Why are teachers and students judged by the worst of each?

Each time I read an article or scan the comments sections of those articles, students and teachers are judged by the lowest common denominators. Ignored are the valedictorians, the Honors Society Members, the Debate champions, the Knowledge Bowl victors, and AP successes. Overlooked are the mentor teachers, Teachers of the Year, program innovators, and community revered.

I watch levies and bonds fail, budgets cut, and confidence dwindle, but rare is the article of praise or success. The conspiracy theorist in me feels like the news media is against us educators, but the realist in me knows we need to trumpet our own successes as well.

Am I alone in these observations?


4 thoughts on “Question

  1. Justen Eason

    You are not alone. I often feel like the education legislation that has passed in tue past decade is a direct response to a lack of trust of teachers. I also agree with you that the solution is to treat the profession with respect and shout the praises of our jobs.

  2. Mrs. Chili

    SO not alone. In fact, I’m finding that my own little school’s culture is focusing a lot on the failures; I’d like to see us do a little more trumpeting of the good stuff. There’s a LOT we do well, and it’d be nice to focus a little on that for a change.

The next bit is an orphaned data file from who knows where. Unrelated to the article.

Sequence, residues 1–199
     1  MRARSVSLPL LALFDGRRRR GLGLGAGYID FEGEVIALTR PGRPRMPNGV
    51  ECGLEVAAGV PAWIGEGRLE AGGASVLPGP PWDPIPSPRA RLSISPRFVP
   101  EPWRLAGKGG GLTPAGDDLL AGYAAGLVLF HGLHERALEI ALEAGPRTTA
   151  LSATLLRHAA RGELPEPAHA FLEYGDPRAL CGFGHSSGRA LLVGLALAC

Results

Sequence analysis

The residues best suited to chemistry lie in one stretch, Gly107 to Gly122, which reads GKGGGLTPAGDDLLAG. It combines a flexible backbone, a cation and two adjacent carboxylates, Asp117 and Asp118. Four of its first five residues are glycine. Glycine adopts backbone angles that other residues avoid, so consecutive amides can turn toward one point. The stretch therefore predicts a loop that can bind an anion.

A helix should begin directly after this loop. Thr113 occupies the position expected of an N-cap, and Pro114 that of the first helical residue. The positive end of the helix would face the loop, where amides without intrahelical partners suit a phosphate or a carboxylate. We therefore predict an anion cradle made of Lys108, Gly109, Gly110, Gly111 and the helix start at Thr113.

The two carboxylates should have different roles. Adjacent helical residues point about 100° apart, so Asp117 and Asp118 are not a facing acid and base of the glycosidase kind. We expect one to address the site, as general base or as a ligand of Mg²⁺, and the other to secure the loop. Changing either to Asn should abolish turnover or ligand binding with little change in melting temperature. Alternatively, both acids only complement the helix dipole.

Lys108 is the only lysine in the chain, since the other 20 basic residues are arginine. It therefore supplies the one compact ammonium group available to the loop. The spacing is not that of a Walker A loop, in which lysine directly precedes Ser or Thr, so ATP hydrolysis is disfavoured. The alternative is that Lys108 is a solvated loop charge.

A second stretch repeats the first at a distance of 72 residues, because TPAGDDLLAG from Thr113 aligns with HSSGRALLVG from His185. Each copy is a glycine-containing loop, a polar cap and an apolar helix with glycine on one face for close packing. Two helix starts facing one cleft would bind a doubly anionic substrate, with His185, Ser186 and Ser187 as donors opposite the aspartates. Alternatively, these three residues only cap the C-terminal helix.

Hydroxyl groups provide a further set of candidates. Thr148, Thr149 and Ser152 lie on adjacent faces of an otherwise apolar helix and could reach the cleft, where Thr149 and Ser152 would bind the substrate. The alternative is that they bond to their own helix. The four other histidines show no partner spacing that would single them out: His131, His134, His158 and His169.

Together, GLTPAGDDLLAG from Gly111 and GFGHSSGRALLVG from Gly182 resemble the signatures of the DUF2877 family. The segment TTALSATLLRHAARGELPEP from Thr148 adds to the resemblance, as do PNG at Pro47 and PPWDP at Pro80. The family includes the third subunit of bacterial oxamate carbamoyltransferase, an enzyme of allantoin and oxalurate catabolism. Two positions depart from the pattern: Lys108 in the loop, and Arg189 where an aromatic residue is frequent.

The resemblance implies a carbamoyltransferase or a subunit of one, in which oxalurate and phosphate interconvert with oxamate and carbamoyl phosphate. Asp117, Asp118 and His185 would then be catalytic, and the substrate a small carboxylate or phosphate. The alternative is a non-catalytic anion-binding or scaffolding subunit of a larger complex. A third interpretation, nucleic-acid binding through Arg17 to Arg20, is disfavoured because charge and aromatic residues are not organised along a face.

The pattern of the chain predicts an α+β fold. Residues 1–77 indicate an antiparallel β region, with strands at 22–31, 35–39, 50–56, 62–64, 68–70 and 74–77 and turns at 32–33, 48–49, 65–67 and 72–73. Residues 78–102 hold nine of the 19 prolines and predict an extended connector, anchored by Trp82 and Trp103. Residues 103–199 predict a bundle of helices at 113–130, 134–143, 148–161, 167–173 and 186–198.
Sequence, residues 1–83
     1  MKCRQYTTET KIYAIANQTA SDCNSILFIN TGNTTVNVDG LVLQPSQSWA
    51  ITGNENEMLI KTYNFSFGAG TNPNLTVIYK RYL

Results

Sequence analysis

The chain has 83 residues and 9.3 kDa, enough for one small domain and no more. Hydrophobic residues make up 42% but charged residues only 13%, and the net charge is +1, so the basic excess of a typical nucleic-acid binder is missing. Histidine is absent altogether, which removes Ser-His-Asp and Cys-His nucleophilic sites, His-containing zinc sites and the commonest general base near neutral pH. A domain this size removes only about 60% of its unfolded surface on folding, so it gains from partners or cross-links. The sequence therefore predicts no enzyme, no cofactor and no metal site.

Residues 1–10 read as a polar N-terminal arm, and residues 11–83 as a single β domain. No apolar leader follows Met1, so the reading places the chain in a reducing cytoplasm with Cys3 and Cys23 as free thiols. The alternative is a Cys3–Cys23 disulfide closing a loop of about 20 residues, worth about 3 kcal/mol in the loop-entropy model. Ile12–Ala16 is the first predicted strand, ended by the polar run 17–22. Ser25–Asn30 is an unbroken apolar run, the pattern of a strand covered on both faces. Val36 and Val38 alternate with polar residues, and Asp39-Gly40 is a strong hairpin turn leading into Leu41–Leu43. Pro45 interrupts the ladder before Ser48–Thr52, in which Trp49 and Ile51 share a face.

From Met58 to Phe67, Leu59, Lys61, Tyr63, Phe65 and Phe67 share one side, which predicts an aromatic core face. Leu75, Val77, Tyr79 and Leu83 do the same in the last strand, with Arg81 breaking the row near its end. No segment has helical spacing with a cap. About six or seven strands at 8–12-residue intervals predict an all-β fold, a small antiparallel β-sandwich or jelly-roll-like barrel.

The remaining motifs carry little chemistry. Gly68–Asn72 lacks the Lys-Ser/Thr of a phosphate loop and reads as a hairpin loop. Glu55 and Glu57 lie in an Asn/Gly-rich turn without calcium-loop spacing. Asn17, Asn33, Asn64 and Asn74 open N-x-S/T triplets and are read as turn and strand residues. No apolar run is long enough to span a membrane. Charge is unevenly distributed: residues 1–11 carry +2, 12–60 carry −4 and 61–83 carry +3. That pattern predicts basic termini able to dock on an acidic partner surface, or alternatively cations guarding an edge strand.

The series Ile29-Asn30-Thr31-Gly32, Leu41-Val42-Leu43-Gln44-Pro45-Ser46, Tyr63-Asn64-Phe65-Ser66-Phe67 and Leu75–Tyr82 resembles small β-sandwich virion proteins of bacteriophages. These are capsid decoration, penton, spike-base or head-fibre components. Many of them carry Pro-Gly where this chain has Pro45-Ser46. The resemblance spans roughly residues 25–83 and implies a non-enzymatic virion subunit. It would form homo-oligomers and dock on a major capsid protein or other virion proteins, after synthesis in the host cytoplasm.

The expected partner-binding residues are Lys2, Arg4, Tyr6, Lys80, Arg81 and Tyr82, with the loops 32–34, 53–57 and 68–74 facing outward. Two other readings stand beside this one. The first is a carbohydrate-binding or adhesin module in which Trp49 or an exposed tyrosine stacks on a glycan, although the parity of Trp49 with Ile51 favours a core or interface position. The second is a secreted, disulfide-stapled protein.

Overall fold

3. Jim Van Pelt

    I did a blog post earlier this year about incentive pay. I ended with this thought:

    “The focus in our discussions of education nationally is on the kids who fail or underperform. We’re always staring at the bottom half. While we’re doing that, we ignore that a significant number of kids excel in our schools (the same schools where some kids are floundering), and that there are many parents who care deeply about their children’s education and take an active role in encouraging their students to work hard, study and to be the best they can. I don’t think we should call a school bad because some kids do badly if there are also students who are doing well. If the opportunity and means to do well are in the school, then at least part of the responsibility for students doing poorly belongs to the students themselves and to their parents.”

  4. Jordan

    I like where your inner conspiracy theorist’s head is at, and I think you could make an argument for the idea that, encouraging students and teachers to assume and expect the worst from each other, while simultaneously broadcasting to the general populus an endless stream of failure narratives, is a pretty effective way to strip the majority of Americans of their faith in the public education system, and eventually, undermiine the value and importance of education as a whole. I mean, if you aren’t going to get a quality education anyway, what’s the point of tyring? Of even going to school in the first place?

    This mentality creates a climate in which massive, elite, power-hungry organizations (read, The United States government) can complete one of the most important tasks in the quest for totalitarian control: the systematic dumbing-down of the American population. MMMWWWAHAHAHAHA!!

    There could be other explanations, too…


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